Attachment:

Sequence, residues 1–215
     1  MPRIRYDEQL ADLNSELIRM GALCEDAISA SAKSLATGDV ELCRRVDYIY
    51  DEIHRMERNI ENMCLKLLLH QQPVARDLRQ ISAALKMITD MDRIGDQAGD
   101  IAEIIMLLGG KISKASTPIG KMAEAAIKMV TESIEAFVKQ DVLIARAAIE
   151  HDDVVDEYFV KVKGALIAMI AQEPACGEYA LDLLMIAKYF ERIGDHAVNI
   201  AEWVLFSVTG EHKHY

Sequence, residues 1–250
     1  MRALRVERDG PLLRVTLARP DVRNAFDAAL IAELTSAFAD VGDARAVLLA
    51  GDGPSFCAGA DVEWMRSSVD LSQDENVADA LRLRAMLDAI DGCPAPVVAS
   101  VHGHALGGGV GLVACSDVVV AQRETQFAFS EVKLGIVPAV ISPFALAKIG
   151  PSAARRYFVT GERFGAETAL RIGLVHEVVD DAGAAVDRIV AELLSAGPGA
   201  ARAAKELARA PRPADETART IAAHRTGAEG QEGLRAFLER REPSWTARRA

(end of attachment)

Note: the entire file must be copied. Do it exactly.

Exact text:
Sequence, residues 1–215
     1  MPRIRYDEQL ADLNSELIRM GALCEDAISA SAKSLATGDV ELCRRVDYIY
    51  DEIHRMERNI ENMCLKLLLH QQPVARDLRQ ISAALKMITD MDRIGDQAGD
   101  IAEIIMLLGG KISKASTPIG KMAEAAIKMV TESIEAFVKQ DVLIARAAIE
   151  HDDVVDEYFV KVKGALIAMI AQEPACGEYA LDLLMIAKYF ERIGDHAVNI
   201  AEWVLFSVTG EHKHY

Sequence, residues 1–250
     1  MRALRVERDG PLLRVTLARP DVRNAFDAAL IAELTSAFAD VGDARAVLLA
    51  GDGPSFCAGA DVEWMRSSVD LSQDENVADA LRLRAMLDAI DGCPAPVVAS
   101  VHGHALGGGV GLVACSDVVV AQRETQFAFS EVKLGIVPAV ISPFALAKIG
   151  PSAARRYFVT GERFGAETAL RIGLVHEVVD DAGAAVDRIV AELLSAGPGA
   201  ARAAKELARA PRPADETART IAAHRTGAEG QEGLRAFLER REPSWTARRA